Bryant: As I write this, I am just leaving the Human Factors and Ergonomics Society’s Healthcare Symposium. I had a wonderful time catching up with friends I have made along the way, meeting new people, and learning from peers in the industry. I think we have a really cool community, full of people who are motivated to improve people’s lives. I feel extremely fortunate to work in this field with so many amazing people, and have a rejuvenated desire to be more involved in the community, especially in an effort to bring us closer together.
Research Collective: What recommendations do you have for young professionals trying to get their start in human factors or UX?
Bryant: I am fortunate to co-lead a mentorship program for ASU students that allows me to offer my advice to students and new human factors professionals often. There is one thing I tell anyone willing to listen: actively look for opportunities to get involved in research, professor’s labs, internships, volunteering opportunities, etc.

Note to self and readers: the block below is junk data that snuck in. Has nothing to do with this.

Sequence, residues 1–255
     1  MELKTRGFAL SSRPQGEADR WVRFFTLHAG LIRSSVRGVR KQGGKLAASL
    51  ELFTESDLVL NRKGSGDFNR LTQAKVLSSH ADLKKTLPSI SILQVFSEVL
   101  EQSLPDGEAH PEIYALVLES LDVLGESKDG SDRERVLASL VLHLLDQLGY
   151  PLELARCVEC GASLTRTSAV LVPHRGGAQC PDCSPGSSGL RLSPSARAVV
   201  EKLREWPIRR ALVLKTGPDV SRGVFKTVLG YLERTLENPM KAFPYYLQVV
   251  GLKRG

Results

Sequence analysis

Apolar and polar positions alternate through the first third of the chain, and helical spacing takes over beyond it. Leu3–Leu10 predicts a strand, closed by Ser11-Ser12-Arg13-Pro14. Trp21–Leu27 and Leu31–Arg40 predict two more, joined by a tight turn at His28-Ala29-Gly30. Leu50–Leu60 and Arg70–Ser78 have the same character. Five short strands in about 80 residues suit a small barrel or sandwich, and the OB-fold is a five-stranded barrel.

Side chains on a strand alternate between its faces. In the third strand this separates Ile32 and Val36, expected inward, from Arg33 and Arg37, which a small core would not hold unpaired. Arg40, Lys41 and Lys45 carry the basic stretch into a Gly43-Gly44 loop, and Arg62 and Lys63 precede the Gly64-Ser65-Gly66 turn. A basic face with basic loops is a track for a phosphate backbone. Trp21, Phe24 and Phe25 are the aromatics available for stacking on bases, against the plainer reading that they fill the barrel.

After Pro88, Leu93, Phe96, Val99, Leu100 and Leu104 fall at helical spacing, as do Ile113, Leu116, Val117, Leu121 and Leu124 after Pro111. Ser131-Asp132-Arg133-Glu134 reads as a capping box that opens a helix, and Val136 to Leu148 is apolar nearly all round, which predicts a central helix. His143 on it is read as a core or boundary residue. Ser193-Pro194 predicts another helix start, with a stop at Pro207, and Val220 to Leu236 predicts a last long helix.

Some of my best opportunities have come from just being in the right place, at the right time, and being willing to say yes. I highly recommend finding internships while in school, even if they are not at the company you want or doing exactly what you want. That experience will do nothing but benefit you.
Research Collective: What have been some of your favorite projects?